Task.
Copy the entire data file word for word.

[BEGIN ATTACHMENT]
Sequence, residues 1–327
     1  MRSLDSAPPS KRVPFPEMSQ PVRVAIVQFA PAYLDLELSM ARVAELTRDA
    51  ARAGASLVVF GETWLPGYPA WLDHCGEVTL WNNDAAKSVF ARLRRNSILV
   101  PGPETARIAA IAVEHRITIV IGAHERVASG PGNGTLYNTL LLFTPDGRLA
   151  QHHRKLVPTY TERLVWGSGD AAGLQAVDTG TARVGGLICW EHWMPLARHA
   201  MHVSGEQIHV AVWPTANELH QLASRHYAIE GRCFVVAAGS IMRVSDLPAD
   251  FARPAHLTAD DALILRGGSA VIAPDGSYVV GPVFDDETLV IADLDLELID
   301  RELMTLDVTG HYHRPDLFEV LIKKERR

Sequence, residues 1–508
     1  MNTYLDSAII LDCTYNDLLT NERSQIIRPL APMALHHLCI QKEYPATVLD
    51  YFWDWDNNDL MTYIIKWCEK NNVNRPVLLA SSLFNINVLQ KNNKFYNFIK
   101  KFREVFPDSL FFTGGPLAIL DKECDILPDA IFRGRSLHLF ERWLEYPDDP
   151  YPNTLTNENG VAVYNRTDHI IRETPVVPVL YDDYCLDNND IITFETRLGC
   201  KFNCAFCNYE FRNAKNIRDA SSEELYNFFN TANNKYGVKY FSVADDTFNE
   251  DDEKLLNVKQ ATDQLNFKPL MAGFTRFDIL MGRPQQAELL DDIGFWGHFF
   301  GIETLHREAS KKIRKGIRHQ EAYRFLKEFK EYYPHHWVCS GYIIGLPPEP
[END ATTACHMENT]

Sequence, residues 1–327
     1  MRSLDSAPPS KRVPFPEMSQ PVRVAIVQFA PAYLDLELSM ARVAELTRDA
    51  ARAGASLVVF GETWLPGYPA WLDHCGEVTL WNNDAAKSVF ARLRRNSILV
   101  PGPETARIAA IAVEHRITIV IGAHERVASG PGNGTLYNTL LLFTPDGRLA
   151  QHHRKLVPTY TERLVWGSGD AAGLQAVDTG TARVGGLICW EHWMPLARHA
   201  MHVSGEQIHV AVWPTANELH QLASRHYAIE GRCFVVAAGS IMRVSDLPAD
   251  FARPAHLTAD DALILRGGSA VIAPDGSYVV GPVFDDETLV IADLDLELID
   301  RELMTLDVTG HYHRPDLFEV LIKKERR

Sequence, residues 1–508
     1  MNTYLDSAII LDCTYNDLLT NERSQIIRPL APMALHHLCI QKEYPATVLD
    51  YFWDWDNNDL MTYIIKWCEK NNVNRPVLLA SSLFNINVLQ KNNKFYNFIK
   101  KFREVFPDSL FFTGGPLAIL DKECDILPDA IFRGRSLHLF ERWLEYPDDP
   151  YPNTLTNENG VAVYNRTDHI IRETPVVPVL YDDYCLDNND IITFETRLGC
   201  KFNCAFCNYE FRNAKNIRDA SSEELYNFFN TANNKYGVKY FSVADDTFNE
   251  DDEKLLNVKQ ATDQLNFKPL MAGFTRFDIL MGRPQQAELL DDIGFWGHFF
   301  GIETLHREAS KKIRKGIRHQ EAYRFLKEFK EYYPHHWVCS GYIIGLPPEP